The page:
The Problem With Public Sector Unions

SEPTA-R5-Lansdale-train

This week president Obama wisely signed an executive order to stop SEPTA regional rail employees from striking. Like the recent BART Strike, public opinion for the strike was low. As it should be. Public sector unions are terrible for society. They are basically sanctioned mafia groups that we allow to control monopolies funded by public tax dollars.

That’s why SEPTA electrical workers average $55,120 a year and engineers earn $95,290 a year plus overtime and generous pensions. We basically hired the employees and handed them the keys to hundreds of billions of dollars worth of rail infrastructure. Now they’re dangling the keys above us as we prance like a dog on its hind legs begging for them to give it back.

But we shouldn’t be begging – our tax dollars own the train. The decision of whether or not the trains run should be the taxpayers, not the employees. When it comes to transporting hundreds of thousands of people, the 50 ton trains we paid for tend to do the bulk of the work.

That’s why the differences between public sector and private sector unions is huge. If TGI Friday’s employees unionize, they have the power to shut down TGI Friday’s – which is a devastating loss only to people who want an affordable BBQ meat pasta but refuse to walk across the street to Chili’s. The end result is that TGI Friday’s will lose revenue, the employees will lose a proportionate amount of wages, and if they can’t settle then TGI Friday’s will just have to shutter its door or hire scabs.

But the government can’t hire scabs. And more importantly, if the government trains are shut down, there are no other trains. Everyone is fucked – and the transit employees know that. Not only are they out wages, the entire city is out of wages. Unless the transit employees get more money, there will be no bankers, lawyers, or doctors getting to work. Suddenly the transit employees are incredibly valuable. Even though in reality they are no more valuable than any other electrician, they are now magic electricians as valuable as the hundreds of multi-million dollar trains they hold hostage. They are in effect 1 part electrician and 10 parts bouncer – pulling down the velvet rope to the subway car unless everyone slips them a twenty.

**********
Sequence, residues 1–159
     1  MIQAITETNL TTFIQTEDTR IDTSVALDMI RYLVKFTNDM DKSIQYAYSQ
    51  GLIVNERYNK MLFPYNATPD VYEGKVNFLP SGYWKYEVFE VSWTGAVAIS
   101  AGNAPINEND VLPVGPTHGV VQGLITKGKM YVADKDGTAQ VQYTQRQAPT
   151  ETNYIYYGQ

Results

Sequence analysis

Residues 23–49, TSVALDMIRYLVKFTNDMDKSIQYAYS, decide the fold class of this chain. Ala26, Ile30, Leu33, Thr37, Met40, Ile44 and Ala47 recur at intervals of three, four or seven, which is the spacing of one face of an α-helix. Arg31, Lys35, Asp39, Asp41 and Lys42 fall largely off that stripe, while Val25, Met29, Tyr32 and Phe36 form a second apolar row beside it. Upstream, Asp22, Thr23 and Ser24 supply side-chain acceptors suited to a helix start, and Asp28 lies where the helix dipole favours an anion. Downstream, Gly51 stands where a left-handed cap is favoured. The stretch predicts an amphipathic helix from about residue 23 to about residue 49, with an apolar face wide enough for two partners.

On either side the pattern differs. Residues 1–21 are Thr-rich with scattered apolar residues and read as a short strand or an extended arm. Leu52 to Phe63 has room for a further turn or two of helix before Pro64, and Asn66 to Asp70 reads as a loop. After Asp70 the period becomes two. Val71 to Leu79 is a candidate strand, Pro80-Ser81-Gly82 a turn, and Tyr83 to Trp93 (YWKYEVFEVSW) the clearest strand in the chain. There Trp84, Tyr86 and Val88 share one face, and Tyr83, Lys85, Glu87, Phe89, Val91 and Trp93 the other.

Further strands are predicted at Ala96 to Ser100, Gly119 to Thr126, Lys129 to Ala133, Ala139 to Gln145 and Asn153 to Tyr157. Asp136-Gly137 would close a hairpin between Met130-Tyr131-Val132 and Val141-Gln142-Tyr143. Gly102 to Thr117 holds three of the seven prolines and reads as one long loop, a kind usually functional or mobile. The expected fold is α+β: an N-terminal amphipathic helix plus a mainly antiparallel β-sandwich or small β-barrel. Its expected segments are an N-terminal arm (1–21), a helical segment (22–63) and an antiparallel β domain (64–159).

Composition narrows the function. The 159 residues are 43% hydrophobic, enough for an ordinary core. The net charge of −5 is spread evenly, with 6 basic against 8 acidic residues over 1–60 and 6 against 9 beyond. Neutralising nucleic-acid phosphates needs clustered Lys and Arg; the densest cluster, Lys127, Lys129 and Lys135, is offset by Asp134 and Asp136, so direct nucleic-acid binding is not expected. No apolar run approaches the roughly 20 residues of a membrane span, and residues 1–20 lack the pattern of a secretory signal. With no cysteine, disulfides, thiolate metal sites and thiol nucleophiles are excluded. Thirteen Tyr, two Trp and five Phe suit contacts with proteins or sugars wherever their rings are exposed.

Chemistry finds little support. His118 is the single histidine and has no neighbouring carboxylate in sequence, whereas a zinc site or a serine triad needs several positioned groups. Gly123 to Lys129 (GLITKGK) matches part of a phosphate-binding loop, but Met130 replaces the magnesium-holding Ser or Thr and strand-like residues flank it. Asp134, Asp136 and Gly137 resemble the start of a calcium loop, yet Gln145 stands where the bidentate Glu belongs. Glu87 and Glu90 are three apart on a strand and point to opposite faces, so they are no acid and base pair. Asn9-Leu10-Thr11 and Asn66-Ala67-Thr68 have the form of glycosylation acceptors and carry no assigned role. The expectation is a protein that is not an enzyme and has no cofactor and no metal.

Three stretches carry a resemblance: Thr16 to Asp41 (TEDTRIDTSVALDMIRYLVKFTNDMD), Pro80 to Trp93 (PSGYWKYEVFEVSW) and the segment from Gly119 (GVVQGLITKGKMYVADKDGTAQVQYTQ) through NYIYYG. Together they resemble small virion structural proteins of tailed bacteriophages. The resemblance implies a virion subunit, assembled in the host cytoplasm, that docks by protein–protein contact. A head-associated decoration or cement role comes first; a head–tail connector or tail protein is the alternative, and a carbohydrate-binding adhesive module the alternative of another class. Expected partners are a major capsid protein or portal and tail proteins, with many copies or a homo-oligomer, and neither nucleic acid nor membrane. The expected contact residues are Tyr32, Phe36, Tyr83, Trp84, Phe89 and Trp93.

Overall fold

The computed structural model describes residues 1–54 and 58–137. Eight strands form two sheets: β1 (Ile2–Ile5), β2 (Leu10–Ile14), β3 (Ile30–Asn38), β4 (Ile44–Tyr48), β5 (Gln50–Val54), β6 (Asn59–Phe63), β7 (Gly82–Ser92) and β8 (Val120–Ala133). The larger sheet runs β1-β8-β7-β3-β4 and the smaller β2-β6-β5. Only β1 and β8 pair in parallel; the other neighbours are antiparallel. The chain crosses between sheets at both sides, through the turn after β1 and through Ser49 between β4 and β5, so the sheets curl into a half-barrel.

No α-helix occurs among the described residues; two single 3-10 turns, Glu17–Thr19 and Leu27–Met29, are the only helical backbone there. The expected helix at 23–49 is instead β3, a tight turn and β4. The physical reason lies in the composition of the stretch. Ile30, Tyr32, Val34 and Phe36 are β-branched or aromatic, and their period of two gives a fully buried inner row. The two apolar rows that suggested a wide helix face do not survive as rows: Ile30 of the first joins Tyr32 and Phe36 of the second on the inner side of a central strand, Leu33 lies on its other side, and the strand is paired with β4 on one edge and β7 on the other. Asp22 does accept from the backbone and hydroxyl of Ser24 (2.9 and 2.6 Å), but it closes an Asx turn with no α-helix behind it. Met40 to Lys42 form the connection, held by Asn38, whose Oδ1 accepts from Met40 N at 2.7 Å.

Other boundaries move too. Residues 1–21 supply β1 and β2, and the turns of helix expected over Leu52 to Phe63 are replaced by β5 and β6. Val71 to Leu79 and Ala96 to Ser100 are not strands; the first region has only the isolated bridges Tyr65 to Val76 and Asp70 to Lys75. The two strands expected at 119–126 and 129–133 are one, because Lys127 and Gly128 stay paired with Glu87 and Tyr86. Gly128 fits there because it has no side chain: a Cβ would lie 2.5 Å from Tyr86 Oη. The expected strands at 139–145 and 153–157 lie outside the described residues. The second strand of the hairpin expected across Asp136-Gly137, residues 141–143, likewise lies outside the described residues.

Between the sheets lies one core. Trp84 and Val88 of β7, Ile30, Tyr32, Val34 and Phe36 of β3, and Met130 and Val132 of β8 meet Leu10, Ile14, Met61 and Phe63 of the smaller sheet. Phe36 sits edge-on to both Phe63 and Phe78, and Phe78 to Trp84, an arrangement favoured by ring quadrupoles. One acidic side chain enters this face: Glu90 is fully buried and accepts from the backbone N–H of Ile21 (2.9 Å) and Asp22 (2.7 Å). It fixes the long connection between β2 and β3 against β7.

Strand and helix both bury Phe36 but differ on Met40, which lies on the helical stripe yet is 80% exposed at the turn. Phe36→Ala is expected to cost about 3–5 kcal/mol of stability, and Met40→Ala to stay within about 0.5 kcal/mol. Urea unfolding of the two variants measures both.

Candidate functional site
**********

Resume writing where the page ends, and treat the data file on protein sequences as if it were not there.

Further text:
That’s how the station agents who sell tokens make $30 an hour, while movie theater ticketers make $7.50 hour despite having more or less the same job. If token sellers actually provided $30 an hour with of labor, they’d make it so you could actually understand what they said through the window instead of it sounding like they’re speaking being waterboarded while speaking Elvish.

Unfortunately, we’re moving in the wrong direction. While we need more private unions to protect workers from increasingly profitable corporations, the public unions holding our infrastructure hostage is where union growth is headed. Check out this statistic:

The Bureau of Labor Statistics reports that union membership among all U.S. workers fell to 11.3 percent in 2012 — the lowest level since 1916. Yet public-sector workers had a union membership rate of 35.9 percent — more than five times that of private-sector workers, at 6.6 percent.

Unions are great when they let labor capture a greater percentage of the income it generates. But they’re horrible when they’re allowed to hold cities immobile for ransom. Unfortunately, these are the unions in the United States that are succeeding. It’s less newspaper boys in Newsies and more Bane in The Dark Knight Rises.

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